taken time
(hands hidden under a dressing robe) to perform tucking
a non-existent penis between
her legs. Buffalo Bill's choreography mirrors the sruned, hear.y movements of
character. The choreography in Richard simmons mirrors a l9g0s aerobic aesthetic,
though purposefully flattened with missteps (which reads not that the performer is
tired, but that there is something wrong about this Richard). Brooklyn's Simmons
is more clown-like: elbows out, feet land in erratic positions while jogging in place.
Brooklyn's reveal often centers around her bottoms as well as her top. In the
Pee Wee number, she pulls a rubber chicken out of the men's white briefs she wears
prior to the final reveal ofgoogly-eyes on slinky-springs as pasties (ala thejoke-store
style glasses of the same ilk). The chicken is hidden in her briefs, though it is possible to see some something in the fiont (which later tums out to be the beak and
crown of the mbber chicken); the audience can know that something is hidden, but
what that something is part of how fraud works in burlesque. In the "Lotion" numbeq there is little stripping - she begins loose-fitting shorts and sleeveless shirt, which
she quickly undresses out of and into a women's dressing robe. When she finally undresses out of the robe (after the 'tucking' quote) she is wearing only pasties and a
merkin (a pubic hair wig), which is also her bare essential at the conclusion of her
Richard Simmons number. In the Simmons numbeq she begins in knee-high athletic
socks, short, running shorts (indicative ofthe early 1980s), and sweat bands around
her wrists as well as over the curly brown wig she wears. The merkin is more the
reveal itself in the Simmons number than in the Lotion number, but in both instances
works against the enticing aesthetic ofthe striptease. The thick, artificial hair, too long,
shiny and substantial to read as genuine pubic hair, stands in for the authentic, while
mocking the body and the audience's expectations ofit. Though in part parody (here,
specifically ofpubic hair, and more generally, burlesque as genre) in that the audience participates in the trick, decoding what was explicitly encoded for them. The
reading ofthese codes, ofstriptease, ofbeauty, ofnudity, not only plays at the performative nature ofgender, but also to our expectations ofperformance and ofparody.
For as *Bob* plays because of the form, Nasty within the structure of the
form, and Brooklyn within the style, these three burlesquers entice and enchant their
audiences in fraudulent behaviors. *Bob*'s audience (the evening I attended the performance) was sympathetic and celebratory. Nasty's audience is charmed and plays
along with her. Brooklyn's audience looks to laugh along with her. More than with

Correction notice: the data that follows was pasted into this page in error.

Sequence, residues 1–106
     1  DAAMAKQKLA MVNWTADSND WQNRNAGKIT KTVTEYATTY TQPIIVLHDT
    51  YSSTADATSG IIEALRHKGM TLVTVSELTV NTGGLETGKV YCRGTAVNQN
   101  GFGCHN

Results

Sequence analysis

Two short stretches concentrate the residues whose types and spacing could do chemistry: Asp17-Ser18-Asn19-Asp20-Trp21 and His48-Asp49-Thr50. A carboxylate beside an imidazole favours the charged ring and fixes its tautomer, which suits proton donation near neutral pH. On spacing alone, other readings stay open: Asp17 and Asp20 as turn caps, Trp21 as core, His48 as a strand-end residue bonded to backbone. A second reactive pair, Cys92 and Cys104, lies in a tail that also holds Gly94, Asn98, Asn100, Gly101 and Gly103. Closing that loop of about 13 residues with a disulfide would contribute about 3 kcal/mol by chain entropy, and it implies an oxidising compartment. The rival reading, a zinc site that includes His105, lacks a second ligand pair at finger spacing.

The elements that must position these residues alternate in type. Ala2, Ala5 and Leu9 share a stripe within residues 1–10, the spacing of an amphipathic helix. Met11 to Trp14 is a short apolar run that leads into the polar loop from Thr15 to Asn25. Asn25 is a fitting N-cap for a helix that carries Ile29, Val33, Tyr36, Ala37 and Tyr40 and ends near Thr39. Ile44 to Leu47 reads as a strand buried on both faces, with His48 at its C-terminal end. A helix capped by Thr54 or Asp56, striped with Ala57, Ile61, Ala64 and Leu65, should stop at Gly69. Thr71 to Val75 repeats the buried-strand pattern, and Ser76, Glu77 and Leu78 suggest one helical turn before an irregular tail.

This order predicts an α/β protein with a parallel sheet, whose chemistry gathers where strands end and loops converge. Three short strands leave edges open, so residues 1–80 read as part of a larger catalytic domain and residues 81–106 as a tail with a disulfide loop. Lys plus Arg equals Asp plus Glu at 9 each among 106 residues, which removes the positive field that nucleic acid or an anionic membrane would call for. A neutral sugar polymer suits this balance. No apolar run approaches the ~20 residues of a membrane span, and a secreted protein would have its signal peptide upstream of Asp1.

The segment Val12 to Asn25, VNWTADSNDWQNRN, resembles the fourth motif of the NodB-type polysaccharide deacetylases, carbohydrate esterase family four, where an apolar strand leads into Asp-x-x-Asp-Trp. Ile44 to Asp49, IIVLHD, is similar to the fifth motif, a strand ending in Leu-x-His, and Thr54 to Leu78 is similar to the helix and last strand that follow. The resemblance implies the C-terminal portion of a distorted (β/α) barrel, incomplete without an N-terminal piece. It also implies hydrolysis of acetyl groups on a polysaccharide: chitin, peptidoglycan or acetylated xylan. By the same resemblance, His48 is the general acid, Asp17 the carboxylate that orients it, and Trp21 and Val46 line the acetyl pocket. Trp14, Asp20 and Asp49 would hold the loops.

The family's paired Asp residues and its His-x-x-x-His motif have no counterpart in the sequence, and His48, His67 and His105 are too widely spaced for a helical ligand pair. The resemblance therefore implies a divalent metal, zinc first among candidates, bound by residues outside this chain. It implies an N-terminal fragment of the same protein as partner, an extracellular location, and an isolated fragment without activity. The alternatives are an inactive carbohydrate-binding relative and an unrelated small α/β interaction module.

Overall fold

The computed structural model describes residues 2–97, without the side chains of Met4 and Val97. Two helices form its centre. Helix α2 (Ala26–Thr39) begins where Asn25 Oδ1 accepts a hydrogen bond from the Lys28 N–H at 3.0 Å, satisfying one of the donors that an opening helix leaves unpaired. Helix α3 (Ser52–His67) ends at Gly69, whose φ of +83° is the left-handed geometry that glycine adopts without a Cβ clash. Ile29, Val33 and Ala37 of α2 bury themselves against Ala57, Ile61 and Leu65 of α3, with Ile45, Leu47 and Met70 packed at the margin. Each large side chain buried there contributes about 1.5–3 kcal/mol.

other performance forms, the relationship and communication between performer and
audience acts as the sin qua non ofburlesque. To pick up the art form and move it to
an audience unfamiliar with its codes, parody and innate deception would be to deflate
burlesque. Though fledgling audience members to any performance pick up on cues
of how to read that performance and how to act upon their readings based on other
audience members, the expectations among audience members and between audience
and performers are heightened in burlesque. From this view, most audiences
could be
viewed as a body politic; community happens in and because ofan audience (however
ffeeting or tacit the community may be). For burlesque, however, especially as the form
gamers more attention (both in media coverage and fandom) the
community between
performers and audience has, at its core, a politic bent. These politics
derive from the
fraud at play in the performance. The striptease in burlesque isn,t what it seems there
is always (already) a twist. whether mocking current, belabored stripping practices,
exploding beleaguered societal norms of sexuality and eroticism, .iporing cultural
characters or references, the audience expects that the performance begins *ith .o-"thing hidden. The reveal, as burlesque's signatrre moment, exposes more than ffesh.
Nasty's reveals are often cheeky, thematic or witty, Brookryn;s audacious, purposefully unappealing or playful, while *Bob*'s (though more traditionar) uncover deeper
bodily truths. As the audience expects the reveal, and perhaps expects that though each
reveal might expose the unexpected, the fraud isn't necessarily committed against the
audience; rather, the audience and performer, joined in a bawdy politic, play at fraud
against greater societal-regulating expectations and normative ideals. Burlesque performance anticipates, as part of its cheeky deceit, which the world outside its community either doesn't know, or doesn't understand what it is up to. As a ilaudulent
striptease, burlesque doesn't allow for the self-serving satisfaction ofits audience; it
exposes more ofthe limits on exposure than it does ofthe undressed body. Beyond the
shared codes between coder/performers and decoder/audience, burlesque shetihes parody because of and in what it hides. Focusing on the fraud at play in burlesque allows
for an understanding of the politic nature of the art form. That body politic is assembled in pasties, hoots and hollers and it acts together, resisting that w-hich it parodies.
Works Cited
Pef. The World Famous *Bob.*.Mo Pitkins, New York. 22 September 2006.
llutcheon, Linda. A Theo4, of Parodv: the Teachings of Tw'entieth-Centun' Art Forms
F to F.
Urbana, IL and Chicago: U oflL P,2000.
Irigaray, Luce. This Sex Wich is Not One. Trans. Catherine Porter and Carolyn
Burke. Ithaca, NY: Cornell UB I 985.
Nasty Canasta. Personal Intervieur l8 April 2007,
Shteir, Rachel. Slriptease; The Untold History of the Girlie Shou,. Oxford ancl NY:
Oxford UP.2004.